Ever since the closure of Rufforth landfill site, large gulls have dwindled considerably in the York area. Only a few hundred come into roost at Wheldrake Ings now, so the chance of one of the scarcer species has really reduced.

The news that Tim Jones had found a first-winter Iceland Gull in a field near Barlby (feeding on abbatoir waste, delightfully!), was, therefore, very unexpected and exciting, so once I'd left Sol in the capable hands of a mate and his Dad (they had pre-arranged to go indoor climbing) I shot down the A19 from York.

Chris Gomersall had seen the bird most recently in a different field, but the flock had flushed and moved back to where Tim had originally seen the bird. We gave it a good twenty minutes but there was no sign in the dense loafing flock, though many birds were obscured. A couple of adult and one first winter Lesser Black-backed Gulls were a welcome sight - hopefully a straightforward addition to tomorrow's York Bird Race list. A covey of six Grey Partridges in the adjacent field were nice too. Meanwhile, many of the gulls were heading over to the original field where they were feeding, so we decided to head back round.

After a few minutes and as more and more gulls descended, Chris announced that he'd found the Iceland. Excellent! The bird showed well, feeding with the flock, getting a fair bit of hassle from the larger species.

Iceland Gull - nice find Tim!

A little later and shortly after discussing how a flock of this size (500+) should really hold a Caspian Gull, and Chris did it again, stating he'd found a first-winter Casp! It was a real corker and proceeded to show well for the next half and hour or so, until we gave up due to cold and the gathering gloom. Strangely, the bird seemed to have nervous tick, where it frequently flicked it's head up. It may have been swallowing something, although it seemed to do it even when it hadn't been pecking at the floor. I never did make it to Wheldrake for the roost!

First-winter Caspian Gull, at the back of the flock on the left.

Thursday, 2 January 2020

Magic Buteo!

I started 2020 in the same way I finished 2019, dipping the North York Moors Rough-legged Buzzard. It is a big area, and with the family in tow, I didn't have a lot of time, though they were very patient to be fair, as I scanned the Commondale and Sleddale area, on 30th December and then again on 1st January. Frustratingly, on the 30th, the bird had showed beautifully, but not for me :-( 
Today, I vowed to put the jinx to bed and head south for Stainforth near Doncaster, where a Roughleg had been hanging out for about a month. I have seen plenty of Rough-legged Buzzards over the years, but I have also dipped loads too, so it is always exciting to see one, as they are very cool birds.

I arrived on site for 8.30am which seemed to be the earliest this bird had been reported in previous days. I was surprised to find no other birders present, and even more surprised to find the bird hovering over the side of the road, right in front of me, like a fat Kestrel! I literally fell out of the car as I scrambled for my optics. I needn't have worried, as the golden headed beauty cruised over my head and casually landed about 30 metres away in the top of a small Oak tree. Absolute scenes!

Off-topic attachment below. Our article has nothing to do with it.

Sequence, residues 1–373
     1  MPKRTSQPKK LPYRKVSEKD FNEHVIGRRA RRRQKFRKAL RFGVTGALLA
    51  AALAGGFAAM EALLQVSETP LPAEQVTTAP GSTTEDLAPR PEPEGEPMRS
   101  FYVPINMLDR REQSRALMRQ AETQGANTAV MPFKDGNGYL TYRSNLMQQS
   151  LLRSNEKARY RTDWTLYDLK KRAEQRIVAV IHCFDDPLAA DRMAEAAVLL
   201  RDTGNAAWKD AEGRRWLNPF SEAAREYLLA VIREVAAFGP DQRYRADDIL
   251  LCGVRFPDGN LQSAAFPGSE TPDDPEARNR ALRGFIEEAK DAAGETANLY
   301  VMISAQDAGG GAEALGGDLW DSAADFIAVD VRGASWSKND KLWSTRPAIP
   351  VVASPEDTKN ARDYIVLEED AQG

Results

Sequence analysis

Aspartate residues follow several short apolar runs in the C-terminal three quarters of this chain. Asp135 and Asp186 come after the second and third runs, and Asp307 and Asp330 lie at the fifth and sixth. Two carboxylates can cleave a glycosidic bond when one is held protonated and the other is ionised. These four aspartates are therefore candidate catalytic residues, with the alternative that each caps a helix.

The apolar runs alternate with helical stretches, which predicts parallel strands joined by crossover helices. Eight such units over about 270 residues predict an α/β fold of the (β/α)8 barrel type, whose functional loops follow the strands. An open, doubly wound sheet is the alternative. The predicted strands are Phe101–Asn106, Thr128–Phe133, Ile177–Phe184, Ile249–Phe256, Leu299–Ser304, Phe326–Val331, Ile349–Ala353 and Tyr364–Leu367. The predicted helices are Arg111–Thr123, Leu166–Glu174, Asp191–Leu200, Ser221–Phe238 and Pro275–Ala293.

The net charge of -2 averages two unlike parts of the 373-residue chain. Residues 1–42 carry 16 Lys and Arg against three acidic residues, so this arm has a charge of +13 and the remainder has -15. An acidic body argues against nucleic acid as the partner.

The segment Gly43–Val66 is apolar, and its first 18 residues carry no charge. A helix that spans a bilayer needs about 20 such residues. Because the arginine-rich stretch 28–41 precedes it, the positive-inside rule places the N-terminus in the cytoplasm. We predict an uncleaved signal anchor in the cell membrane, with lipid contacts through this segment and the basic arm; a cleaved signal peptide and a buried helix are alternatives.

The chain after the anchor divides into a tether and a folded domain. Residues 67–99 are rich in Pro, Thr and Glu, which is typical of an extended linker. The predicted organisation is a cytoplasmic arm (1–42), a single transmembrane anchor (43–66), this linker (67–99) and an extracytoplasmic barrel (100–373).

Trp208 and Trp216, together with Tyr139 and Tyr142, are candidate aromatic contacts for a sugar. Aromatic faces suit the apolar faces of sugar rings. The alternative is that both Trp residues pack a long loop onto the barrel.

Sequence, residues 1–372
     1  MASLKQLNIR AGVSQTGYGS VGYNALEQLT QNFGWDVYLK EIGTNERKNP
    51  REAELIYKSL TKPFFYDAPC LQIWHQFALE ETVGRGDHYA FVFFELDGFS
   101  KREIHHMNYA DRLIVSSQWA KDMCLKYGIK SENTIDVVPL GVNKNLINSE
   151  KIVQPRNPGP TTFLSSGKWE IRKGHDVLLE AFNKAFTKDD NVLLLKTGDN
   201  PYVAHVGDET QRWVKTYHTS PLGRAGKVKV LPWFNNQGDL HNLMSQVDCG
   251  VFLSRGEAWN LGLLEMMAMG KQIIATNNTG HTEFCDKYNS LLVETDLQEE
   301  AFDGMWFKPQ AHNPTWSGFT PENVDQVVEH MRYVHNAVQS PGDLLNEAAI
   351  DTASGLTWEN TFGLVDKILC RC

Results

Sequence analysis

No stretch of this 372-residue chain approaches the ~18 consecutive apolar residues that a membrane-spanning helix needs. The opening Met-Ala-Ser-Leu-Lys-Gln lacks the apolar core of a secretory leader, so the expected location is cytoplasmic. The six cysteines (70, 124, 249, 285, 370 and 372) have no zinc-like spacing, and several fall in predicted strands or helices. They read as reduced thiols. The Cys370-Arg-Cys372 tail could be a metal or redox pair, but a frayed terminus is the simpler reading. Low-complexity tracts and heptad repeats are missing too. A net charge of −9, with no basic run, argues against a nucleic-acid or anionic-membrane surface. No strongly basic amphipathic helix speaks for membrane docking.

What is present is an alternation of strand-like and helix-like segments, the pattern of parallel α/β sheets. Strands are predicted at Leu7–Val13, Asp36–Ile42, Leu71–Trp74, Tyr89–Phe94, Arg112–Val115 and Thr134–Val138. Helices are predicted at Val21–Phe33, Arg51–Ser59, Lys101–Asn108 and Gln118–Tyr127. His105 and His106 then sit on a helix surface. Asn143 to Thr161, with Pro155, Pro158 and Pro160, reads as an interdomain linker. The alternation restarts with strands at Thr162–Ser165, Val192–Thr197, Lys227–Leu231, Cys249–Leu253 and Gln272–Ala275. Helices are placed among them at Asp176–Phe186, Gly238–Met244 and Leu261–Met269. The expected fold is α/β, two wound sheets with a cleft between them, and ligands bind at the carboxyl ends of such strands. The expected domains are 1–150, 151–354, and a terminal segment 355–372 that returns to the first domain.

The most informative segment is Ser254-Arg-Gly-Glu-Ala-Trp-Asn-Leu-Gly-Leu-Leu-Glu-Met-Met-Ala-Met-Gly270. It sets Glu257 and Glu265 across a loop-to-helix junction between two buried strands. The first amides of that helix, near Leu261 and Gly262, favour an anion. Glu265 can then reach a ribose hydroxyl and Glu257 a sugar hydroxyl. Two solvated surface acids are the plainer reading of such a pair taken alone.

Another birder showed up after a few minutes and we watched this gorgeous Arctic raptor as it surveyed the scene, looking for breakfast. After a bit, it moved on, hovering over the field and then disappearing into the scrubby grassland behind. A few more birders turned up, and after about half an hour, it was picked up by one of the gang sitting in a Silver Birch.  The bird hunted along the edge of the wood, by moving from perch to perch, scanning the ground below. At one point it dove off a perch and stooped to the ground, though masked by bushes, I couldn't see if it had successfully caught anything.  The bird preferred Birches, perhaps indicative of trees familar to it from it's natal area.

I watched, rather mesmerised for about an hour, by which time the Roughleg seemed to have decided the 'sit and wait' approach wasn't paying off, so took off and decided to hover about over the field edges, lit up by the warm winter sunshine.



A New Decade

Happy New Year, y'all! Well that was 2019, the last of the Twenty Teens, and lots happened. But enough of that, here's to a New Decade! The Tempestuous Twenties. Bring it on.

My fab fam, and my first bird pic of the Twenties, Turnstone photobombed by Herring Gull on the pier wall, Whitby, 1st January 2020. It was baltic!

Monday, 30 December 2019

Bohemian like you

Great to catch up with some Waxwings this morning in Thirsk, after three unsuccessful trips to Askham Bar, York this month.

Delightful as ever, the seven Bohemian beauts were flycatching happily in the mild sunny weather between bouts of berry gorging in the Lidl car park Rowan trees. Sol and Addie poked their heads out of the sunroof for a look.

One first year male was colour-ringed and a bit of investigation by @NathanielDargue identified it as having been rung in Aberdeen on 7th December. Cool!

The commentary was not mine....

Later, we drove through Sleddale but failed to find the reported Rough-legged Buzzard.

Sunday, 29 December 2019

Mediterranean Christmas

Wheldrake Gull blizzard